Educational Psychology, Canadian Edition EDUCATIONAL PSYCHOLOGY REFLECTION FOR ACTION Canadian Edition EDUCATIONAL PSYCHOLOGY REFLECTION FOR ACTION Canadian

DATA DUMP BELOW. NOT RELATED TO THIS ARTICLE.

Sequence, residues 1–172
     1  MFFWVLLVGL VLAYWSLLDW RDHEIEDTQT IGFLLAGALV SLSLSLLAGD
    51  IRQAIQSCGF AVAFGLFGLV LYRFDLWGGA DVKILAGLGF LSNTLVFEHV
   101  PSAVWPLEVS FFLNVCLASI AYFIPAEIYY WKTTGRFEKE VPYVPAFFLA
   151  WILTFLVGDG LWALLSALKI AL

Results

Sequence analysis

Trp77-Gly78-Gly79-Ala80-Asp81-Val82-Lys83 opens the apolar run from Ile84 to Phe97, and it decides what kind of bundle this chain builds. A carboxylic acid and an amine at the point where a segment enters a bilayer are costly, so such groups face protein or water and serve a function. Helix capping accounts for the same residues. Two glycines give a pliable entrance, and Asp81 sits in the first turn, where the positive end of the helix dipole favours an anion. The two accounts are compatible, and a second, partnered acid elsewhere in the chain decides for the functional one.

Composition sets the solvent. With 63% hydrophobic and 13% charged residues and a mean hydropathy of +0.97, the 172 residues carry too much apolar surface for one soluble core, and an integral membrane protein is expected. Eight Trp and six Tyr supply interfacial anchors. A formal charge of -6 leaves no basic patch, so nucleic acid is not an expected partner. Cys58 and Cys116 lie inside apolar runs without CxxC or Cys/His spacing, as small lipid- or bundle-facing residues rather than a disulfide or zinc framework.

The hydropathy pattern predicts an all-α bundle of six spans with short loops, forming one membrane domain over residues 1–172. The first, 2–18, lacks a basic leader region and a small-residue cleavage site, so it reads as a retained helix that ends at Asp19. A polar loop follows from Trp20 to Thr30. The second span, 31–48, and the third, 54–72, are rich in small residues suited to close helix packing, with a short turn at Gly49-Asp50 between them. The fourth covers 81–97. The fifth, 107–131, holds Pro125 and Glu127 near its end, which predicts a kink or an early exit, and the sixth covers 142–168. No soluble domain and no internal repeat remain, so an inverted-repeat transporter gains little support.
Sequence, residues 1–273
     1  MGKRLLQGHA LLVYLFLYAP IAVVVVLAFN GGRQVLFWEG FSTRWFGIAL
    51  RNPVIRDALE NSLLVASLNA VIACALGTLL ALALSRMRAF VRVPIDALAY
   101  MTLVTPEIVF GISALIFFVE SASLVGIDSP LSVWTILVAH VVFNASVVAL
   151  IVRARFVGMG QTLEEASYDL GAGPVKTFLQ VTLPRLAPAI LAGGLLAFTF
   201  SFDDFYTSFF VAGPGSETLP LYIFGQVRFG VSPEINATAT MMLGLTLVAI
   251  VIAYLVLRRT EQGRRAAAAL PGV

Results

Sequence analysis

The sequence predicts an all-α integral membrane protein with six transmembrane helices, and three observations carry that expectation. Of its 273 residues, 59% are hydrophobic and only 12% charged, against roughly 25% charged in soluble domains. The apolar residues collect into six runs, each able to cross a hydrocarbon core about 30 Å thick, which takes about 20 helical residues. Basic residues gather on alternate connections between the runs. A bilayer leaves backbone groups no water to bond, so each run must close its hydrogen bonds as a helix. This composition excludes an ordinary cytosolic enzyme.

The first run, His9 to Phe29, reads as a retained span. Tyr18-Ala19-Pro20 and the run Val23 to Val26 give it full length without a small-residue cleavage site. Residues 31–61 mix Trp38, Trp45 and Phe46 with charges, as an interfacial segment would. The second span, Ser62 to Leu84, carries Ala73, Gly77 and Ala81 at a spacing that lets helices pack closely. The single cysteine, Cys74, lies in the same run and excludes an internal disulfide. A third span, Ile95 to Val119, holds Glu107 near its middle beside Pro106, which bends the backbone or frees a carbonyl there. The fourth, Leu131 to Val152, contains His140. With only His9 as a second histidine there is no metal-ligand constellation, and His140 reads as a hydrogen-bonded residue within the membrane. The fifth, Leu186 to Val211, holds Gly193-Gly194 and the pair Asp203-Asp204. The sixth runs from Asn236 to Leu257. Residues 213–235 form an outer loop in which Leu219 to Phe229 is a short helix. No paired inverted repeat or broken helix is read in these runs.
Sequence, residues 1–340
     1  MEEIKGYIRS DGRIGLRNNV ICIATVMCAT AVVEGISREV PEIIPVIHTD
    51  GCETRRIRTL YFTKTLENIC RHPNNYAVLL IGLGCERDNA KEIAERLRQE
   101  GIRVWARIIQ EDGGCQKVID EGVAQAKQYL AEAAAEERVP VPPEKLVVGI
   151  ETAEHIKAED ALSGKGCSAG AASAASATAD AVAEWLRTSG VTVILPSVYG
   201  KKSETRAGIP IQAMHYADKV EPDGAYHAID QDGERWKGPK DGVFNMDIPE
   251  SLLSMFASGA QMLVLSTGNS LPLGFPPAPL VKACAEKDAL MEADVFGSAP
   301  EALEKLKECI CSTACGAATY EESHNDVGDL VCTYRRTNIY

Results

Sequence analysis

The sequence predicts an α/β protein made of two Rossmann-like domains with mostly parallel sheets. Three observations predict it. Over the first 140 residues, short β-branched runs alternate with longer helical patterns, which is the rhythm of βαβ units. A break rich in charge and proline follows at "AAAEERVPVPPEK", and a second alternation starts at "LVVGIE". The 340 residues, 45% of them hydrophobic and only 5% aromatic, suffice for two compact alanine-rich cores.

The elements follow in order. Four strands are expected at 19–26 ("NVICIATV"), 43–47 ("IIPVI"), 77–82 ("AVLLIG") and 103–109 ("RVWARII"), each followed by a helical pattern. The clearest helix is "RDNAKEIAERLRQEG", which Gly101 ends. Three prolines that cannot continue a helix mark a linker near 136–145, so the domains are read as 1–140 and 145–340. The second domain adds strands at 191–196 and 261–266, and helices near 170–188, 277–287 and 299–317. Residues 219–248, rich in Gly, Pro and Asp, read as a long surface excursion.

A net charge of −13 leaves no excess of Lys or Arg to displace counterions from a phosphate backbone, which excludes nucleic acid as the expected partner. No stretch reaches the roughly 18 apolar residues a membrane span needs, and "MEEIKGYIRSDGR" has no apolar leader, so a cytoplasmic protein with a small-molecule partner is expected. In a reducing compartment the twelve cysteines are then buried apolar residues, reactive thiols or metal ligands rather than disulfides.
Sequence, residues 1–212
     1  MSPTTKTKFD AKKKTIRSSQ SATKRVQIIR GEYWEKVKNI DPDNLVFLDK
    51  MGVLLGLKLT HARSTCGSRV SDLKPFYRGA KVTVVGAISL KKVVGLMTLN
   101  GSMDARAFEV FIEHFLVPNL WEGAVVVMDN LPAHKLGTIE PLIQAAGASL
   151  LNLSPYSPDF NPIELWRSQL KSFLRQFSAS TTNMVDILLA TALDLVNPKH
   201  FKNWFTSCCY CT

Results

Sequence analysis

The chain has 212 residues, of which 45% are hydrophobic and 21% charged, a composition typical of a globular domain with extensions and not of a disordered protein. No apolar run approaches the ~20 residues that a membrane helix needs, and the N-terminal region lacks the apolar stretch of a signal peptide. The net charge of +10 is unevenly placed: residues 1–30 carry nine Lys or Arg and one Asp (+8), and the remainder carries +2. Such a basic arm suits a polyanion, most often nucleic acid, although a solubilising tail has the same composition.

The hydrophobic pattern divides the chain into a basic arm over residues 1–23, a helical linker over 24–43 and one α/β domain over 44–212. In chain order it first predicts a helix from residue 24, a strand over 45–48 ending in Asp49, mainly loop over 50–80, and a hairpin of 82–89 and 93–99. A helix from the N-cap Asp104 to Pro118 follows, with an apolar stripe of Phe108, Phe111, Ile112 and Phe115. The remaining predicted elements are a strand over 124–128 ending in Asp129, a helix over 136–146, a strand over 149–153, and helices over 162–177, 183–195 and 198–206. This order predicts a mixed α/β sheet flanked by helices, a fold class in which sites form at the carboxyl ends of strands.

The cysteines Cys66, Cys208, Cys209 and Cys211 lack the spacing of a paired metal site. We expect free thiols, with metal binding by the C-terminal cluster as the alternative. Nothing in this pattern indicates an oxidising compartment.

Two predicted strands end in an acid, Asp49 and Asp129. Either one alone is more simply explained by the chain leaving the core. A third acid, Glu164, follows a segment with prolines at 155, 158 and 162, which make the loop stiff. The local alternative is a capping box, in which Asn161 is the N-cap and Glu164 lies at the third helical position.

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<ul><li> Slide 1 </li> <li> Educational Psychology, Canadian Edition EDUCATIONAL PSYCHOLOGY REFLECTION FOR ACTION Canadian Edition EDUCATIONAL PSYCHOLOGY REFLECTION FOR ACTION Canadian Edition ODonnell, DAmico, Schmid, Reeve, Smith </li> <li> Slide 2 </li> <li> Educational Psychology, Canadian Edition CHAPTER 4 Individual Differences Among Learners </li> <li> Slide 3 </li> <li> Educational Psychology, Canadian Edition Chapter 4 Individual Differences Among Learners Themes of the chapterThemes of the chapter Conceptualizations of intelligence have changed over Identifying and accommodating students with special needs Poverty affects children in schools </li> <li> Slide 4 </li> <li> Educational Psychology, Canadian Edition Guiding Questions How was intelligence understood initially, and how have views of intelligence changed over time?How was intelligence understood initially, and how have views of intelligence changed over time? How is intelligence measured, and how is it related to achievementHow is intelligence measured, and how is it related to achievement What happens when students are grouped by ability?What happens when students are grouped by ability?(continued) </li> <li> Slide 5 </li> <li> Educational Psychology, Canadian Edition Guiding Questions (continued) How does talent develop?How does talent develop? In general, how do schools identify children with special needs?In general, how do schools identify children with special needs? How are learning disabilities and attention deficit hyperactivity disorder identified?How are learning disabilities and attention deficit hyperactivity disorder identified? How do differences in socioeconomic status and culture affect students success in school ?How do differences in socioeconomic status and culture affect students success in school ? </li> <li> Slide 6 </li> <li> Educational Psychology, Canadian Edition Variability in the Classroom A teachers challenge is to acknowledge and celebrate the differences among children and work to maximize the growth in each childA teachers challenge is to acknowledge and celebrate the differences among children and work to maximize the growth in each child A teacher must also adhere to the mandates of the curriculumA teacher must also adhere to the mandates of the curriculum </li> <li> Slide 7 </li> <li> Educational Psychology, Canadian Edition History of Intelligence Galton (1869)Galton (1869) Interested in the study of individual differences and in eugenics which was a political and scientific movement that argued for selective reproduction of individuals and immigration laws based on intelligence levels Binet (1905)Binet (1905) Published (with Simon) the first set of intelligence scales to identify low-achieving students who might need help </li> <li> Slide 8 </li> <li> Educational Psychology, Canadian Edition History of Intelligence Binet (1916)Binet (1916) Intelligence is judgment and adapting to ones circumstances Stern with Terman (1920)Stern with Terman (1920) Devised the intelligent quotient (IQ) IQ = mental age/chronological age x 100 Goddard (1920)Goddard (1920) Intelligence is an innate ability, or present at birth </li> <li> Slide 9 </li> <li> Educational Psychology, Canadian Edition History of Intelligence Spearman (1923)Spearman (1923) Factor analyzed a large number of measures of mental ability and concluded that intelligence was one factor he called g (general) along with a variety of specific factors Thurstone (1957)Thurstone (1957) Proposed a model of intelligence with seven primary mental abilities </li> <li> Slide 10 </li> <li> Educational Psychology, Canadian Edition Thurstones Primary Mental AbilitiesThurstones Primary Mental Abilities Verbal comprehension Word fluency Number facility Spatial visualization Associate memory Perceptual speed Reasoning History of Intelligence </li> <li> Slide 11 </li> <li> Educational Psychology, Canadian Edition Cattell (1963)Cattell (1963) the ability to solve problems, figure out what to do when one is not sure what to do, and acquire new skills Fluid intelligence the ability to solve problems, figure out what to do when one is not sure what to do, and acquire new skills the use of acquired skills and knowledge such as reading and language skills Crystallized intelligence the use of acquired skills and knowledge such as reading and language skills History of Intelligence </li> <li> Slide 12 </li> <li> Educational Psychology, Canadian Edition Controversies in Intelligence a shorthand term for the debate over whether mental abilities are developed by the individuals environment (nature) or inherited (nurture)Nature/nurture a shorthand term for the debate over whether mental abilities are developed by the individuals environment (nature) or inherited (nurture) a movement that argued that intelligence is genetic, so governments should encourage reproduction of those with high intelligence and not those with lower intelligenceEugenics a movement that argued that intelligence is genetic, so governments should encourage reproduction of those with high intelligence and not those with lower intelligence </li> <li> Slide 13 </li> <li> Educational Psychology, Canadian Edition More Recent Views of Intelligence Gardners (1983) theory of multiple intelligencesGardners (1983) theory of multiple intelligences Sternbergs (1985) triarchic theory of intelligenceSternbergs (1985) triarchic theory of intelligence Sternbergs (1997) idea of successful intelligenceSternbergs (1997) idea of successful intelligence </li> <li> Slide 14 </li> <li> Educational Psychology, Canadian Edition Sternbergs Theory of Intelligence holds that intelligence has three main facets each of which is the top of a hierarchyTriarchic theory holds that intelligence has three main facets each of which is the top of a hierarchy Analytical: ability to respond effectively to problems Metacomponents, performance components, and knowledge acquisition componentsMetacomponents, performance components, and knowledge acquisition components Creative: ability to generate new ideas Novelty or insight and automaticity (ability to perform a task without having to think much about itNovelty or insight and automaticity (ability to perform a task without having to think much about it Practical: ability to handle everyday problems and issues </li> <li> Slide 15 </li> <li> Educational Psychology, Canadian Edition </li> <li> Slide 16 </li> <li> Sternbergs Successful Intelligence The ability to succeed in life, given ones own goals, within ones environmental contexts with four key elements for teachersThe ability to succeed in life, given ones own goals, within ones environmental contexts with four key elements for teachers Teaching for memory learning Teaching for analytical learning Teaching for creative learning Teaching for practical learning </li> <li> Slide 17 </li> <li> Educational Psychology, Canadian Edition Gardners Theory of Multiple Intelligences(MI) Logical-mathematical Linguistic Spatial Musical Bodily-kinesthetic Naturalistic Interpersonal Intrapersonal </li> <li> Slide 18 </li> <li> Educational Psychology, Canadian Edition Views of Intelligence the belief that intelligence is genetically determined and not alterableEntity view the belief that intelligence is genetically determined and not alterable the belief that intelligence can be improved through effortIncremental view the belief that intelligence can be improved through effort </li> <li> Slide 19 </li> <li> Educational Psychology, Canadian Edition Your Turn If someone has an entity view of their own ability what does this mean for how hard her or she will work at tasks?If someone has an entity view of their own ability what does this mean for how hard her or she will work at tasks? What about those with an incremental view of their own abilities? How does this affect how hard they will work at tasks?What about those with an incremental view of their own abilities? How does this affect how hard they will work at tasks? </li> <li> Slide 20 </li> <li> Educational Psychology, Canadian Edition How Is Intelligence Measured? VerbalVerbal Information Similarities Arithmetic Vocabulary Comprehension Digit span PerformancePerformance picture completion Coding Picture arrangement Block design Object assembly Symbol search Mazes Standardized IQ Test WISC IV </li> <li> Slide 21 </li> <li> Educational Psychology, Canadian Edition How Is Intelligence Measured? Sequential ProcessingSequential Processing Hand movements Number recall Word order Simultaneous ProcessingSimultaneous Processing Magic window face recognition Gestalt closure Triangles Matrix analogies Spatial memory Photo series Standardized IQ Test K-ABC II </li> <li> Slide 22 </li> <li> Educational Psychology, Canadian Edition Issues in Intelligence Testing Test bias systematic unfair treatment of a particular group of individualsTest bias systematic unfair treatment of a particular group of individuals Test bias problems led to the development ofTest bias problems led to the development of Culture-free tests: standardized tests that do not include items that might favor one culture over another (e.g., Ravens Progressive Matrices, 1995) </li> <li> Slide 23 </li> <li> Educational Psychology, Canadian Edition Average IQ score is 100Average IQ score is 100 Standard Deviation is 15Standard Deviation is 15 68% of people have scores that fall within one standard deviation of the average68% of people have scores that fall within one standard deviation of the average Extreme scores are those that fall outside of 2 standard deviations from the mean (in positive and negative directions)Extreme scores are those that fall outside of 2 standard deviations from the mean (in positive and negative directions) Extremes of Intelligence </li> <li> Slide 24 </li> <li> Educational Psychology, Canadian Edition Extremes of Intelligence: Normal Distribution of Scores </li> <li> Slide 25 </li> <li> Educational Psychology, Canadian Edition Giftedness Difficult to identifyDifficult to identify Individuals typically have an IQ score that is two standard deviations above the average scoreIndividuals typically have an IQ score that is two standard deviations above the average score Teacher recommendations may be used in the identification processTeacher recommendations may be used in the identification process </li> <li> Slide 26 </li> <li> Educational Psychology, Canadian Edition Talent Talent is the capacity to produce exceptional performance in a domainTalent is the capacity to produce exceptional performance in a domain There are three sources of desire to improve in a domainThere are three sources of desire to improve in a domain Enjoyment of activityEnjoyment of activity Internalization of the value of improving ones skill for its own sakeInternalization of the value of improving ones skill for its own sake External supportExternal support </li> <li> Slide 27 </li> <li> Educational Psychology, Canadian Edition Deliberate Practice Deliberate practice is activity that is designed to improve ones skills in a particular areaDeliberate practice is activity that is designed to improve ones skills in a particular area Is thought to produce, a one-to-one correspondence between ones effort and ones gains in a skill or abilityIs thought to produce monotonic benefits, a one-to-one correspondence between ones effort and ones gains in a skill or ability Deliberate practice includes the following activities:Deliberate practice includes the following activities: Hours of on-task skill refinement Hours of self-reflection Hours of coaching and feedback Hours of observational learning </li> <li> Slide 28 </li> <li> Educational Psychology, Canadian Edition Effort Becomes Talent Deliberate practice alters cognitive capacities allowing experts to store many classes of schemas such as a chess player having numerous plays from which to chooseDeliberate practice alters cognitive capacities allowing experts to store many classes of schemas such as a chess player having numerous plays from which to choose Deliberate practice changes bodily functions such as muscle patterns for piano players and increased heart and lung capacities for runnersDeliberate practice changes bodily functions such as muscle patterns for piano players and increased heart and lung capacities for runners </li> <li> Slide 29 </li> <li> Educational Psychology, Canadian Edition Differences in Ability and Instruction Between-class ability grouping Children are assigned to different classes based on measured ability Within-class ability grouping Children are assigned to ability groups within a class Multi-age grouping Classes include children of various ages </li> <li> Slide 30 </li> <li> Educational Psychology, Canadian Edition Learners with Special Needs Learners with those who have been identified as having needs that are significant enough to warrant special educational servicesLearners with special needs those who have been identified as having needs that are significant enough to warrant special educational services including students with special needs in the regular classroom and providing the necessary servicesInclusive education including students with special needs in the regular classroom and providing the necessary services </li> <li> Slide 31 </li> <li> Educational Psychology, Canadian Edition The Law and Special Education The Canadian states that education is a right for every individual and every individual has the right to be educated to his or her potentialThe Canadian Charter of Rights and Freedoms states that education is a right for every individual and every individual has the right to be educated to his or her potential governs the rights of individuals with disabilities in the United StatesIndividuals with Disabilities Act (IDEA) governs the rights of individuals with disabilities in the United States </li> <li> Slide 32 </li> <li> Educational Psychology, Canadian Edition The Law and Special Education All provinces require that each child with special needs must have anAll provinces require that each child with special needs must have an individualized education plan (IEP) IEP: an educational and behavioural intervention plan for a student with special needs </li> <li> Slide 33 </li> <li> Educational Psychology, Canadian Edition Identifying Children with Special Needs Prereferral processes a team approach to giving a child assistance in his or her own class before being considered for special educationPrereferral processes a team approach to giving a child assistance in his or her own class before being considered for special education Referrals if a childs problems persist after the prereferral interventions, he or she may be referred for special educationReferrals if a childs problems persist after the prereferral interventions, he or she may be referred for special education </li> <li> Slide 34 </li> <li> Educational Psychology, Canadian Edition Inclusion Strategies for inclusion:Strate...</li></ul>